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What Does DSM-5 Mean?


The Diagnostic and Statistical Manual of Mental Disorders—or “DSM,” as it is generally called—is the authoritative guide to the diagnosis of substance use and other mental disorders for healthcare professionals worldwide. In the United States alone, it influences the care that millions of people of all ages receive for mental health issues.


Clinicians use DSM to accurately and consistently diagnose disorders affecting mood, personality, identity, cognition, and more. The manual does not address treatment or medications. Published by the American Psychiatric Association (APA), DSM has been updated several times since its first release in 1952. It standardizes diagnoses by psychiatrists, psychologists, social workers, nurses, and other health and mental health professionals, but it also informs research, public health policy, education, reimbursement systems, and forensic science.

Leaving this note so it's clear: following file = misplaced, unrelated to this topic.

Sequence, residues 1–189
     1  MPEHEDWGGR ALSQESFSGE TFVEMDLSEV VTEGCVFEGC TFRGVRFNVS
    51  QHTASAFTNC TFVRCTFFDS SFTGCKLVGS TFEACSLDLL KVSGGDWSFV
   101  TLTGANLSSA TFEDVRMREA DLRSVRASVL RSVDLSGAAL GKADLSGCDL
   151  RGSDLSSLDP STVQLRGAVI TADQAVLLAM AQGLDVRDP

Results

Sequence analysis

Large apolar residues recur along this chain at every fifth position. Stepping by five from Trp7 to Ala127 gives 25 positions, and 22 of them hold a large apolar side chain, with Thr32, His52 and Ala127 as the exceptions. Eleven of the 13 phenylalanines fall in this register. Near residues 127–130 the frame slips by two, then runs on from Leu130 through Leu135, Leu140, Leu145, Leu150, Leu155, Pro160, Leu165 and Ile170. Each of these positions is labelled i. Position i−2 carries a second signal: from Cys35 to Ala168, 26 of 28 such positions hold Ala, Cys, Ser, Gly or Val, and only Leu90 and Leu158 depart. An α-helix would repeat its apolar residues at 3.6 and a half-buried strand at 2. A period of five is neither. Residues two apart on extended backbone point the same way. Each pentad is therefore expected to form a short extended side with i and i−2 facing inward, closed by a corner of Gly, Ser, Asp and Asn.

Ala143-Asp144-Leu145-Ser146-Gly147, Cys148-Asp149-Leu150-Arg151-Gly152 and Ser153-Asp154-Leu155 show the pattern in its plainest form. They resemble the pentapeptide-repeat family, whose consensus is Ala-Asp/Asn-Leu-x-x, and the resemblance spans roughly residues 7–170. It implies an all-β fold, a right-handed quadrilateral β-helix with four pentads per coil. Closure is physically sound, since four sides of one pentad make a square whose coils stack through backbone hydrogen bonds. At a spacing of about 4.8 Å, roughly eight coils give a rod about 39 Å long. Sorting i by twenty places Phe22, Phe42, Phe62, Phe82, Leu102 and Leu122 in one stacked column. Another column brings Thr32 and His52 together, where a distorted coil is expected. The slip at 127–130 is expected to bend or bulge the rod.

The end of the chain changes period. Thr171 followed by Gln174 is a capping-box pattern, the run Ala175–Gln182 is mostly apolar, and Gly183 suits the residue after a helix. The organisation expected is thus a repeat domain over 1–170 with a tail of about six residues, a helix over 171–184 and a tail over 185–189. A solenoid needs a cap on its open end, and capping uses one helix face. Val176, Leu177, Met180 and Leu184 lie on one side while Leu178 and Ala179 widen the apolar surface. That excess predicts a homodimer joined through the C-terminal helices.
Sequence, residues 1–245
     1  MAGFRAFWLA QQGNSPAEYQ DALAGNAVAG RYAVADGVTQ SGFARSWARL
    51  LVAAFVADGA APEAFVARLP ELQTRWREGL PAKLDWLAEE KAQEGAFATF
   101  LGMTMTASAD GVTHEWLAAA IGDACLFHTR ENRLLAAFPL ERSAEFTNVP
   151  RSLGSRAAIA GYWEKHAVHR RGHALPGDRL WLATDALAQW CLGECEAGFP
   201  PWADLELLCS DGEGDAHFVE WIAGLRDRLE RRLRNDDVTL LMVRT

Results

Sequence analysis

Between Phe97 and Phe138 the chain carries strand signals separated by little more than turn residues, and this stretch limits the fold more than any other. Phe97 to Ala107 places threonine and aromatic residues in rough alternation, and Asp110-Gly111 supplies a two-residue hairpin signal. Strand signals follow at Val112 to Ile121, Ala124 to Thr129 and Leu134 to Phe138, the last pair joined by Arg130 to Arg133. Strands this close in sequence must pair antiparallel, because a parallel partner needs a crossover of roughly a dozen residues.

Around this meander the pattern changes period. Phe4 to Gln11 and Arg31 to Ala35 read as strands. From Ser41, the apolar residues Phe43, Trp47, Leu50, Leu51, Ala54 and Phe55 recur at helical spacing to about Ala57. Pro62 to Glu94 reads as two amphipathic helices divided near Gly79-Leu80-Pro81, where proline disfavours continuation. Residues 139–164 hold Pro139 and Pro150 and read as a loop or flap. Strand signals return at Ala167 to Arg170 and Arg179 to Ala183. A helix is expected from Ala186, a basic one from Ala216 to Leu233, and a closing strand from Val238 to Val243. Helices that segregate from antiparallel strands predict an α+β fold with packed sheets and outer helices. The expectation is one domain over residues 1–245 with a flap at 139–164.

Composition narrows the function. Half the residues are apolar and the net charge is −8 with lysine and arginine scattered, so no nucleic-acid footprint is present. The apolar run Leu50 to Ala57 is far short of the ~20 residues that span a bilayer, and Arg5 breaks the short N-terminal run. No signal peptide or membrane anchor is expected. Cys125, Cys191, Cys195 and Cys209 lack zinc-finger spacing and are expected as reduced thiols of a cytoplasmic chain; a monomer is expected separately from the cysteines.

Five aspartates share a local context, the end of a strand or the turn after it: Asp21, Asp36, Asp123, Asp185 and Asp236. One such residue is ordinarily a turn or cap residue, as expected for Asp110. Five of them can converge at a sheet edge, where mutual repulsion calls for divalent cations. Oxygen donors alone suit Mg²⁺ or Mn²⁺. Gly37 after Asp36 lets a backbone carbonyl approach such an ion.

DSM-5, which will be the first full revision since 1994, represents the contributions of more than 1,500 distinguished mental health and medical experts worldwide as part of an extensive and rigorous development process. It was published in May 2013.


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